Java vs. .NET Security, Part 1
by Denis Piliptchouk
Security Configuration and Code Containment
This article initiates a series that will provide a side-by-side technical comparison of security features of Java v1.4.2/J2EE v1.4 (beta2) and .NET v1.1 platforms. The following areas will be considered: Security Configuration and Code Containment (this article, Part 1), Cryptography and Communication (Part 2), Code Protection and Code Access Security, or CAS, (Part 3), and Authentication and User Access Security, or UAS, (Part 4).
This series is based on the research material that was used as a foundation of the feature article, "Securing .NET and Enterprise Java: Side by Side", which was written by Vincent Dovydaitis and me, and which appeared in Numbers 3-4 of Computer Security Journal in 2002.
It would be unrealistic to expect complete and detailed coverage of all aspects of platform security in the space available. Rather, this series attempts to highlight the most important issues and directions, leaving it up to the reader to check the appropriate manuals and reference literature.
Another important aspect of platform security is that it does not attempt to deal with all possible types of threats, thus requiring the services of an OS and third-party software (such as using IIS in .NET). These services and applications will also be outside of the scope of this publication.
Configuration on both platforms is handled through XML or plain-text files, which can be modified in any text editor, or through the supplied tools. However, the platforms differ significantly in how they handle configuration hierarchies.
In the .NET world,
Caspol.exe can be used to modify all aspects of security configuration. The former provides a GUI interface, shown in Figure 1, to modify it.
Figure 1. Mscorcfg.msc screen
On the other hand,
Caspol.exe provides a number of command-line options, appropriate for use in scripts and batch routines. Here's how it would be used to add full trust to an assembly:
caspol -af MyApp.exe.
Java platform provides a single GUI-based tool,
policytool.exe, shown in Figure 2, for setting code- and Principal-based security policies. This tool works with arbitrary policy files (as long as they are in the proper format), as opposed to .NET, where names and locations of the configuration files are fixed (see below).
Figure 2. Policytool.exe screen
.NET defines machine-wide and application-specific configuration files, and allows for enterprise, machine, and user security policy configuration, whose intersection provides the effective policy for the executing user.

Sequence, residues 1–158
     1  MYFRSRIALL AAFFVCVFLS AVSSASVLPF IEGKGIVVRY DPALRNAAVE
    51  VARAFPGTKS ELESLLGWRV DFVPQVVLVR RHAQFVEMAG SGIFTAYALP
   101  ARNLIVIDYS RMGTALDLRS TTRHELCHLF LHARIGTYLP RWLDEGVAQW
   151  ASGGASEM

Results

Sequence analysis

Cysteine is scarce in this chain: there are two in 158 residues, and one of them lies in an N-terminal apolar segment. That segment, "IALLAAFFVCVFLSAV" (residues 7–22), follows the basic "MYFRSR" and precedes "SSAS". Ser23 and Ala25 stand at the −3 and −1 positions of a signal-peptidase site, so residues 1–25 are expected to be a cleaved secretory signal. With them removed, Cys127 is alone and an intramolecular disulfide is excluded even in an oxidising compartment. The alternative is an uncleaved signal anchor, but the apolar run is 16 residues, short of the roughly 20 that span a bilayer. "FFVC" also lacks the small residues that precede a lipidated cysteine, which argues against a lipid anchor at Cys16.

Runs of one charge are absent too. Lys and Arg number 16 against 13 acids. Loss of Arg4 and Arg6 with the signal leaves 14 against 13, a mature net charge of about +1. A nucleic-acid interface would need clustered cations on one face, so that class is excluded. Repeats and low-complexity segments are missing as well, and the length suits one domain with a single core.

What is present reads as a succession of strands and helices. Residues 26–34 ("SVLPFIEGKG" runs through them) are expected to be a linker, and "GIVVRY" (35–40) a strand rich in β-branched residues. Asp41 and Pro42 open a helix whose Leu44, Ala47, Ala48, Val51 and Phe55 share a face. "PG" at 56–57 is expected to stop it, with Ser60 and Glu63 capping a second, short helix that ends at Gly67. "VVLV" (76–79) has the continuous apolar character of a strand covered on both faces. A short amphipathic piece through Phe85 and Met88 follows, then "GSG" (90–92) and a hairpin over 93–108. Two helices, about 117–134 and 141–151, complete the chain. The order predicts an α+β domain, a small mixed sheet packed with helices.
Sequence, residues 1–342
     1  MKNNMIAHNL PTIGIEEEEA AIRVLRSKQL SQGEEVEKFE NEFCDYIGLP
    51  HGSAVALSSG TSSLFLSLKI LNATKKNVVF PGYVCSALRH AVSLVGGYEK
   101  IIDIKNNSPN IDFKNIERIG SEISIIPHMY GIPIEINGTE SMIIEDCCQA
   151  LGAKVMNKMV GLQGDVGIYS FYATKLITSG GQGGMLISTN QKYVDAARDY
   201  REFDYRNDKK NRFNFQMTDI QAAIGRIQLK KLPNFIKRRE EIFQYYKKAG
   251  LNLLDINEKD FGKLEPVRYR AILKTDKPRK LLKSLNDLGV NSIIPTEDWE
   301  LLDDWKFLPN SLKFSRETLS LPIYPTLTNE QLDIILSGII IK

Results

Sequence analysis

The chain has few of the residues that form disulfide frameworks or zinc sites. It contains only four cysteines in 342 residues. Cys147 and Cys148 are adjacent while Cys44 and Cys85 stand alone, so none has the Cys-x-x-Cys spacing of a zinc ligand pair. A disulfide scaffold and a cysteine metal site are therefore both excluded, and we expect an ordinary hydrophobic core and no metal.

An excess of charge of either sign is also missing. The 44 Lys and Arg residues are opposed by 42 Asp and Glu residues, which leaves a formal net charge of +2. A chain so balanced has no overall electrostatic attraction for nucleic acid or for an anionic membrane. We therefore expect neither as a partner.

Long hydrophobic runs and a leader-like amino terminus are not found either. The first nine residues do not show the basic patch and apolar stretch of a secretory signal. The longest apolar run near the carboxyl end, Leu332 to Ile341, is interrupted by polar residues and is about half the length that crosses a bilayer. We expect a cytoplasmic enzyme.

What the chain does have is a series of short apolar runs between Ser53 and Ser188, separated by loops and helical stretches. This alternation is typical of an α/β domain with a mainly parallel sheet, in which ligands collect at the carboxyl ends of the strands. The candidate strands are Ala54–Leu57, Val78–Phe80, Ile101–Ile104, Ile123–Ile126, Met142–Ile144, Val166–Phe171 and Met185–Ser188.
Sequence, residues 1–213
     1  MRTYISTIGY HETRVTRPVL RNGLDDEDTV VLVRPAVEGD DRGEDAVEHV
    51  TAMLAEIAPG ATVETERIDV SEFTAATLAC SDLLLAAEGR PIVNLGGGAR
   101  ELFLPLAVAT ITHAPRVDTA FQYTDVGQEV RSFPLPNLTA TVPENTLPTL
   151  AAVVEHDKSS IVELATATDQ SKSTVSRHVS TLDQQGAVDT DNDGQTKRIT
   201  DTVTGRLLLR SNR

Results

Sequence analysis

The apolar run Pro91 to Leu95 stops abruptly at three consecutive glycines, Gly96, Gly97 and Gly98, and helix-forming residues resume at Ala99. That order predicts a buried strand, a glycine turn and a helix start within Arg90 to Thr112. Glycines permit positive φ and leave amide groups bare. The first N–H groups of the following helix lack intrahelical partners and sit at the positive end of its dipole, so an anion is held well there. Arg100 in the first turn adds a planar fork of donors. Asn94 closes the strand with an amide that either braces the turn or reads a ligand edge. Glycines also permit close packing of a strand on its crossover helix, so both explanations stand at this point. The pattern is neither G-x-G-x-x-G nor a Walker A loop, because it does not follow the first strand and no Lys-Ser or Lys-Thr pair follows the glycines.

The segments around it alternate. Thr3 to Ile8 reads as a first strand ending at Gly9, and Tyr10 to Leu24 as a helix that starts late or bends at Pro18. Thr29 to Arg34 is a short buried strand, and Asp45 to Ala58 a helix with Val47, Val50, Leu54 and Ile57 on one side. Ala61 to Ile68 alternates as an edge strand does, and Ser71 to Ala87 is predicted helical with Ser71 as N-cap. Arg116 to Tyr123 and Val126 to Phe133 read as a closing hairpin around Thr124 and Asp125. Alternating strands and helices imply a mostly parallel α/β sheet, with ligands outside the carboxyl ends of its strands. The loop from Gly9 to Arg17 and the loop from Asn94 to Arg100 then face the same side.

These file have fixed names and locations, most of them residing under the Common Library Runtime (CLR) tree, at:
%CLR install path%\Config
For .NET v1.1, the location is:
Multiple versions of CLR may co-exist on the same computer, but each particular version can have only a single installation. Since security policy files cannot be specified as runtime parameters of .NET applications, this centralized approach hurts co-existence when applications require conflicting policy settings.
Three security configuration files (enterprise, machine, and user) contain information about configured zones, trusted assemblies, permission classes, and so on. The general machine configuration file, on the other hand, contains machine-wide settings for algorithms, credentials, timeouts, and so on. Additionally, certain parameters (for instance,
ASP.NET authentication/authorization parameters) can be configured or overriden in the application configuration file. The files' names and locations are listed below:
- User security configuration file:
%userprofile%\Application data\Microsoft\CLR security config\vxx.xx\Security.config
- Machine security configuration file:
%CLR install path%\Config\Security.config
- Enterprise security configuration file:
%CLR install path%\Config\Enterprisesec.config
- Machine configuration file:
%CLR install path%\Config\machine.config
- Application configuration files:
ASP.NET) in the application or web project's main directory
Core Java and J2EE configuration files have specific locations, but locations of additional configuration files for extension and J2EE products vary by vendor. J2SE does provide significant runtime flexibility by using a number of command-line application parameters, which allow the caller, on a per-application basis, to set keyfiles, trust policy, and extend the security policy in effect:
java -Djava.security.manager -Djava.security.policy=Extend.policy Client1
or to completely replace it:
java -Djava.security.manager -Djava.security.policy==Replace.policy Client2
The Java platform's specifications require the following configuration files:
This file defines security properties for VM: security providers, policy providers, package access restrictions, keystore types, and so on.
Machine and user security policy that grants evidence- and Principal-based code permissions. Additional/alternative files may be specified on the command line or in the
These files contain Servlet and EJB deployment instructions and include, among other parameters, authentication/delegation settings, security roles, role-based Access Control Lists (ACL), and transport security configuration. The "UAS" section in Part 4 of this series will provide more detailed coverage of their elements.
Certain JVM parameters may be configured only in
$JAVA_HOME/lib/security/java.security, as shown in the examples below:
- Adding third-party providers:
- Configuring alternative policy providers:
- Specifying multiple policy files:
Note: By allowing command-line JVM parameters, Java provides a significantly more flexible and configurable environment, without conflicts among multiple JVM installations.
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